Steiner, John F. MD, MPH; Curtis, Peter MD; Lanphear, Bruce P. MD, MPH; Vu, Kieu O.; Main, Deborah S. PhD
Mentorship has been defined as “a dynamic, reciprocal relationship in a work environment between an advanced career incumbent (mentor) and a beginner (protégé), aimed at promoting the development of both.”1 Mentorship is a critical component of career development in medicine and other professions.2–13 In medicine, the importance of mentorship has been described across the professional lifespan.11 Nevertheless, only a few studies have quantified the impact of mentorship on subsequent career development. These studies have shown that junior faculty members with research mentors during their training or in their current positions felt better prepared to conduct research,10 were more productive in research,2,5,10 and were more satisfied with their careers.5,10,13 Even these studies typically assessed a limited range of career development issues, and provided little information about the elements of mentorship that might affect subsequent professional success.
In a previous article, we reported that, among other factors, influential mentorship during training was associated with early research productivity in graduates of a national, primary care research fellowship program.14 In the current article, we describe the nature and consequences of mentorship in this program in more detail. We posed three research questions: What characteristics of research fellows and their training environment are associated with having influential and sustained mentorship?; How do the subsequent careers of fellows with influential and sustained mentorship differ from those with no influential mentor, or those whose mentorship is not sustained?; and What are the attributes of influential mentors?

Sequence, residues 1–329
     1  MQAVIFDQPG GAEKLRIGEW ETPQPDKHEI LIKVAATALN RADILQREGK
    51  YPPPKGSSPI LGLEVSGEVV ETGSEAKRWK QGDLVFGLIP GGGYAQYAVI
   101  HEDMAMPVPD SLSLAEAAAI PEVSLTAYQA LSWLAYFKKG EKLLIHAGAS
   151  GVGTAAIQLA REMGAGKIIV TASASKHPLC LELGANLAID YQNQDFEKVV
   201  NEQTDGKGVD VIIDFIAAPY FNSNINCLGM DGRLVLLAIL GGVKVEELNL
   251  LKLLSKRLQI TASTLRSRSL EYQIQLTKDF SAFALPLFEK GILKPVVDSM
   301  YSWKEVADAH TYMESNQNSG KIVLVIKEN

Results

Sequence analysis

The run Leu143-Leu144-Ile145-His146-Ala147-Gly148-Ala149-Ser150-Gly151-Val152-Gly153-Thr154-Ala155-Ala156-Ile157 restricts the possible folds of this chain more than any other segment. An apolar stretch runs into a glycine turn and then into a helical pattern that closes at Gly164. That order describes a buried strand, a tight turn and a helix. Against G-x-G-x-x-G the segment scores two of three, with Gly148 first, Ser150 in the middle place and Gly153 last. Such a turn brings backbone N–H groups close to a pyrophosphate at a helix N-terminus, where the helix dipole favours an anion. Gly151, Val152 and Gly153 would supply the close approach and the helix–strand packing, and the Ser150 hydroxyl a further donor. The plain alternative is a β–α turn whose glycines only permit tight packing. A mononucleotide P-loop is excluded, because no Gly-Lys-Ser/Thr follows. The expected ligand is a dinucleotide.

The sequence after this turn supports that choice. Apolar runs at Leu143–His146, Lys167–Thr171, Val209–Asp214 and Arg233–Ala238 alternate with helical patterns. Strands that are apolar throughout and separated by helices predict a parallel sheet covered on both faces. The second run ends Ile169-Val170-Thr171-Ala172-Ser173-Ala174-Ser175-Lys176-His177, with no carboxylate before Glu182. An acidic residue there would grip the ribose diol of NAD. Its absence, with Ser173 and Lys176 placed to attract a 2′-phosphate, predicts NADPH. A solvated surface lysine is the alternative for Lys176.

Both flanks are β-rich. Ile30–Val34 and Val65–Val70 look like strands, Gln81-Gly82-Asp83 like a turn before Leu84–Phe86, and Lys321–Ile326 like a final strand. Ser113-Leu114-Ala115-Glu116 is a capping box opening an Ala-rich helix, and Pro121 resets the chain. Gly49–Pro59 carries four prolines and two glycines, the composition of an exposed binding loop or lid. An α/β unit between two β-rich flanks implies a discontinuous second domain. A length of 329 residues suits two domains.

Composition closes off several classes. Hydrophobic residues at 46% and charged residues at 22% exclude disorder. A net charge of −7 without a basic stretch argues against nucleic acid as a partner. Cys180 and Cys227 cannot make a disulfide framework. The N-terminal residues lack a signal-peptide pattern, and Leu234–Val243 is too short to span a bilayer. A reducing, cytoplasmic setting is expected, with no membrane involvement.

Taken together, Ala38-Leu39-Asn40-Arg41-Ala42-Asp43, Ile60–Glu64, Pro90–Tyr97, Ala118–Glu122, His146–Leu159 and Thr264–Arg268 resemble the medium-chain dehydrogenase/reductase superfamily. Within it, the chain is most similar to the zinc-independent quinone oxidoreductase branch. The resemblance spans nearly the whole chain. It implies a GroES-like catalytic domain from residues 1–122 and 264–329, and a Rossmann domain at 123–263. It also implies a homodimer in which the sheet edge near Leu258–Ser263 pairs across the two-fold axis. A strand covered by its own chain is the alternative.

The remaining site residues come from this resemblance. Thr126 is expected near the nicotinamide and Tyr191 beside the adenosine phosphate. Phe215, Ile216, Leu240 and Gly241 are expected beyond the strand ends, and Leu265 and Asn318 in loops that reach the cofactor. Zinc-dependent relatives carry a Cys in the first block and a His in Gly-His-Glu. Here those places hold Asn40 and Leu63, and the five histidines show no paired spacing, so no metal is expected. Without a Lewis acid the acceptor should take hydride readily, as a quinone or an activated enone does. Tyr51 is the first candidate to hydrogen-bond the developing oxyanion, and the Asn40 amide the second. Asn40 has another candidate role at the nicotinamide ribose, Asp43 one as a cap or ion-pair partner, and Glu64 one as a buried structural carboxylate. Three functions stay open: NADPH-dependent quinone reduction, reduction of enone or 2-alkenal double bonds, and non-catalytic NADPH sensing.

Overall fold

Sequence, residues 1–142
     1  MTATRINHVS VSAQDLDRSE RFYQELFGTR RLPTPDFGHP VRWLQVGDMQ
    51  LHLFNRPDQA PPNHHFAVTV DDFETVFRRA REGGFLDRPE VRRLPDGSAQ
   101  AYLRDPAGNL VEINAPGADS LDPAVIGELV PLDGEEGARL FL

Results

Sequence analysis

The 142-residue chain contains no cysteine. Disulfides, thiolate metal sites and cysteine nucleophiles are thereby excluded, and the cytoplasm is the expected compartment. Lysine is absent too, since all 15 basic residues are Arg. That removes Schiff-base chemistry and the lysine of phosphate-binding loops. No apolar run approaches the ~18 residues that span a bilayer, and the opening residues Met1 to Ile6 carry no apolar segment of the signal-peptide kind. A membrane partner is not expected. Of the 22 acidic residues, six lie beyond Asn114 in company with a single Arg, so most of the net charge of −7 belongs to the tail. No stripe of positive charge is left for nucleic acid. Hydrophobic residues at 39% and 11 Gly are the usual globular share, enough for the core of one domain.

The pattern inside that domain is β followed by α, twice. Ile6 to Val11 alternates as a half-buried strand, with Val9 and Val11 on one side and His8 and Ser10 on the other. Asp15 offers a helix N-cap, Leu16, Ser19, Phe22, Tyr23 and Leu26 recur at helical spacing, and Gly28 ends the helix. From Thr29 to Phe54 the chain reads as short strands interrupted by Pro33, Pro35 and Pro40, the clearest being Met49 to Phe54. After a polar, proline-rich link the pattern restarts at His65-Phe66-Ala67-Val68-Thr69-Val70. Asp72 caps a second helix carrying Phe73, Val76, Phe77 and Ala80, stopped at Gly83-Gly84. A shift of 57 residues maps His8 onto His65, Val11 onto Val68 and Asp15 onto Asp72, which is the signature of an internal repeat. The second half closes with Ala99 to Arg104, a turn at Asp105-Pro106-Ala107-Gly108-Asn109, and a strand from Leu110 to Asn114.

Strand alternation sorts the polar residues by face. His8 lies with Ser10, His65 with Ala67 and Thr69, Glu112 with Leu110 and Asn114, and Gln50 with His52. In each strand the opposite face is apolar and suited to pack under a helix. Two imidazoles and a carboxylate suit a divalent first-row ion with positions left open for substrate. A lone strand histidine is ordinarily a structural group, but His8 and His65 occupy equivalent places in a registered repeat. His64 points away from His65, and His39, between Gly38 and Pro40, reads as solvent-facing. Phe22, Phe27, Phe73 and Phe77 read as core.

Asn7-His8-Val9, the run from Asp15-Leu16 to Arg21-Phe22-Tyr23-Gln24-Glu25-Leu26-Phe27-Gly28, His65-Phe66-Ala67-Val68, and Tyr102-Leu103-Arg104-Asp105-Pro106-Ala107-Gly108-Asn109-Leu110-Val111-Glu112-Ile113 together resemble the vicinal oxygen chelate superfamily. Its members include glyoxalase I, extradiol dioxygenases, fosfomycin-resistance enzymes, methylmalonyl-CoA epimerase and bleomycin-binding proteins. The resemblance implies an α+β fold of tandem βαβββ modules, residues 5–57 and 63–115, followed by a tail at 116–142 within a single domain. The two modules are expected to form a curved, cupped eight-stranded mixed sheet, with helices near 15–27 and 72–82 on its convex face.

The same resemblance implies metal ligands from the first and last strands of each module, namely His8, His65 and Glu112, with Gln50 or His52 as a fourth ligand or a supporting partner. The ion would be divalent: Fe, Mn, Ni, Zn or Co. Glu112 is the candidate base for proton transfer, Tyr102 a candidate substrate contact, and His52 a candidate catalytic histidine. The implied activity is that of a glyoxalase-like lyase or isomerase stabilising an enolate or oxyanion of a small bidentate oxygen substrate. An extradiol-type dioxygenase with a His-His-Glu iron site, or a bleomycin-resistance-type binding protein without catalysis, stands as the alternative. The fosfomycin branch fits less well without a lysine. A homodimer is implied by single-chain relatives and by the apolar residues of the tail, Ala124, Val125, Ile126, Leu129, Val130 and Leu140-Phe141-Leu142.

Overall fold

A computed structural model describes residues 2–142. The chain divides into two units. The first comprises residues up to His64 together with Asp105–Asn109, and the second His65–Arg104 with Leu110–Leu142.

In the Health Research Extension Act of 1985, Congress required that .5% of funds from the National Research Service Award (NRSA) training program administered by the National Institutes of Health (NIH) be allocated to primary care research.15 Responsibility for this program was delegated by NIH to the U.S. Health Resources and Services Administration (HRSA) in 1988, and ten institutional NRSA programs within academic centers in the United States were funded.15 In 1993–1994, eight renewal awards were made to institutions in the original funding cycle and 15 new programs were funded. In 1998, 28 awards were made for a third five-year cycle, 20 to existing programs and eight to new institutions. All but one of these institutions are schools of medicine; the other is a dental school. Most programs enrolled two or three individuals per year from one or more of the three primary care disciplines (family medicine, general pediatrics, or general internal medicine). Some also enrolled individuals from other medical specialties (psychiatry, rehabilitation), other clinical fields (nursing, dentistry), or nonphysicians with research interests in primary care. The median duration of fellowship training is two years. Most programs support the completion of an advanced degree, such as a Masters in Public Health (MPH). The organization of these programs has been described.16